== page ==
The next morning, Virgil and Franna sat at the kitchen table. Breakfast was long over for the rest of the family, and still there was no sign of Amalia.
“It seems that Mole’s efforts have tired her out,” observed Franna. “Should we wake her, do you think?”
“I would let her sleep on,” replied Virgil. “Her awakening has been very trying for her. If only she were not so young. It is difficult enough to enter a new level of perception at the usual age of thirteen or fourteen. That she is not yet twelve must make it doubly hard for her. Her emotional and mental capacities are being stretched to their limit.”
Franna smiled. “I have confidence in our daughter as well as in the Great Good. Mole is taking her small steps toward knowledge in her own way. Did you know that she had a discussion with Lammet, as well as with Finn, about her recent experience?”
“I knew she had talked with Finn, which surprised me seeing as she is usually so shy around him. Finn probably set her ears a tingling. You say she talked with Lammet? That is a good thing. Lammet is a wise and sensible young woman. I would have recommended to Mole that she do so, but I hesitated. I did not know whether she would feel a reluctance to relive the event with Lammet. Did Lammet give you any idea of the nature of their conversation?”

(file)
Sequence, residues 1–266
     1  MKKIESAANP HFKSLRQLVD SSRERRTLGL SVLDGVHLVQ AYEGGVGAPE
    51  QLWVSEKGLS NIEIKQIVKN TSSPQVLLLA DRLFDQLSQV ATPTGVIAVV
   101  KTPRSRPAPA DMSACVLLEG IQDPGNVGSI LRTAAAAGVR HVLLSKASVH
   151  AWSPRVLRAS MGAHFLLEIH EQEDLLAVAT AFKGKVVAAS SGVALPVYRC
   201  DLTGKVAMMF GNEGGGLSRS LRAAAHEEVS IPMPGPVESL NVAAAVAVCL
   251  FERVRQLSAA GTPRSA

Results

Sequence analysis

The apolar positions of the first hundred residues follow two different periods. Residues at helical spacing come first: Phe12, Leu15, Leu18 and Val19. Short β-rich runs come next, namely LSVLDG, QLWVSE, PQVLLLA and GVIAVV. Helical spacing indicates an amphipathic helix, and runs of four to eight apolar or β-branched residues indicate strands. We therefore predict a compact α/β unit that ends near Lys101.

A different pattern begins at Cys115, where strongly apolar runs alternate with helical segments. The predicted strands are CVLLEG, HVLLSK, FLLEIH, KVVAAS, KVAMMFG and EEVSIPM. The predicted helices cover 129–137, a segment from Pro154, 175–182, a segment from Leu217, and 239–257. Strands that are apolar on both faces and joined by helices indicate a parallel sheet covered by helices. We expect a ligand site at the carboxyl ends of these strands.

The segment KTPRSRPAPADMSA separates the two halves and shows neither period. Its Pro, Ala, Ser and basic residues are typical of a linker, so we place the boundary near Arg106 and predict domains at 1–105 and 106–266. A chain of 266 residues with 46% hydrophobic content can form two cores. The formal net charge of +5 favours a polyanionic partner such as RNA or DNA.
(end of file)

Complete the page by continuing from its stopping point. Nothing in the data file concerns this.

“Well,” Franna hesitated, “Lammet must hold much of what was said in confidence, but I did gather that Mole had a glimpse of Lammet’s inner world. It made a considerable impression on her. She moved there of her own accord and did not seem unduly surprised at its appearance. Speaking of appearance, Mole is coming down the stairs at this moment.”
Franna and Virgil waited in silence until Amalia entered the room. She said not a word, but smiled at them; her parents smiled back. Amalia helped herself to some bread and jam, which she attacked with gusto. Her mother and father quietly sipped their tea and commented on the plans for the evening’s supper and which rooms needed to be set in order. Amalia dropped her knife, and then shoved her plate aside. She stomped over to the kettle and poured herself a cup of tea. Slurping her tea, she wondered at her parents’ silence. Sighing, she leaned her chair back, balancing on two legs. Franna and Virgil continued their conversation. Finally, Amalia slammed her chair to the floor, spun it around and, faced her parents.